February 5, 2013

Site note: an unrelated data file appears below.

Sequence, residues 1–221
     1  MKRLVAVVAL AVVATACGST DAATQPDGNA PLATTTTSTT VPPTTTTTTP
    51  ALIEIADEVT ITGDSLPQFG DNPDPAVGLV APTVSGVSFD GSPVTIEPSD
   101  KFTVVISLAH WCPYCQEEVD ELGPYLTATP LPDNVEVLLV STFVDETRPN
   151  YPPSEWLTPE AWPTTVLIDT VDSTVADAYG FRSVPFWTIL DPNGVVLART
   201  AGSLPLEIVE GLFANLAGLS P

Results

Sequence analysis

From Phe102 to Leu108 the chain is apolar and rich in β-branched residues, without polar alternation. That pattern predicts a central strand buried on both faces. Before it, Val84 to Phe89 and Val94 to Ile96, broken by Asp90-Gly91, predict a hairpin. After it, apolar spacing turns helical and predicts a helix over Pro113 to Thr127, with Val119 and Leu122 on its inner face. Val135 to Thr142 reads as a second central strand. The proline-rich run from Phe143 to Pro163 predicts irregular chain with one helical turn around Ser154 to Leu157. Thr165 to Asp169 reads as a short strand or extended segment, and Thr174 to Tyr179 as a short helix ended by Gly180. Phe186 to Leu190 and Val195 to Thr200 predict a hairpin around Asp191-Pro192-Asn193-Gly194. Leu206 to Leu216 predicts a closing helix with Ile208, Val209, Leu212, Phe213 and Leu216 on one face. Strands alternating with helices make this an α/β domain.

The National Institute of Mental Health recently presented a team of researchers at the University of California, San Diego (UCSD) School of Medicine with a $3.4 million grant for a large-scale investigation of successful aging in HIV-infected individuals between the ages of 36 and 65. Life expectancy of HIV-positive individuals has been progressing since the rise of antiretroviral therapy. By 2015, nearly half of HIV-positive individuals in the United States will be 50 years old or older; this number is expected to continue to rise. According to principal investigator Dilip Jeste, M.D., study goals include: examining positive psychosocial factors such as resilience, hardiness, optimism, and social engagement; and looking at biomarkers of physical and cognitive aging and comparing these factors in both HIV-infected and non-infected adults. Co-principal investigator David J. Moore, PhD, associate professor of psychiatry at UCSD School of Medicine, explains, "Our hope is that understanding factors that promote successful aging at an individual level may lead to the development of new preventative and therapeutic interventions aimed at improving quality of life and well-being in adults living with HIV."
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